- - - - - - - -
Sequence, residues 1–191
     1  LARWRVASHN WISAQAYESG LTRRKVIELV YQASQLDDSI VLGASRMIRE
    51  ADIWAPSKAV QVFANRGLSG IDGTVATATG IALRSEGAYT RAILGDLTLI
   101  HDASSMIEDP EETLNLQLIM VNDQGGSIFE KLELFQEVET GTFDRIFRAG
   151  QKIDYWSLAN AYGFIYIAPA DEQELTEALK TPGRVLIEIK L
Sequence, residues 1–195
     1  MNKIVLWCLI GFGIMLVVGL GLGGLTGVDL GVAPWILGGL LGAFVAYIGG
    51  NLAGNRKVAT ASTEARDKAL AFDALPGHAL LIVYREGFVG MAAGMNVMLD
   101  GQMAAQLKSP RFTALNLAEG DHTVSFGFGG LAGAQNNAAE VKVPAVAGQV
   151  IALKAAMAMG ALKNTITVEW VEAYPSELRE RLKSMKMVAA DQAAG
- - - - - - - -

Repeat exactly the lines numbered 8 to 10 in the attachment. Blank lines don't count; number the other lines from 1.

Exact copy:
    51  NLAGNRKVAT ASTEARDKAL AFDALPGHAL LIVYREGFVG MAAGMNVMLD
   101  GQMAAQLKSP RFTALNLAEG DHTVSFGFGG LAGAQNNAAE VKVPAVAGQV
   151  IALKAAMAMG ALKNTITVEW VEAYPSELRE RLKSMKMVAA DQAAG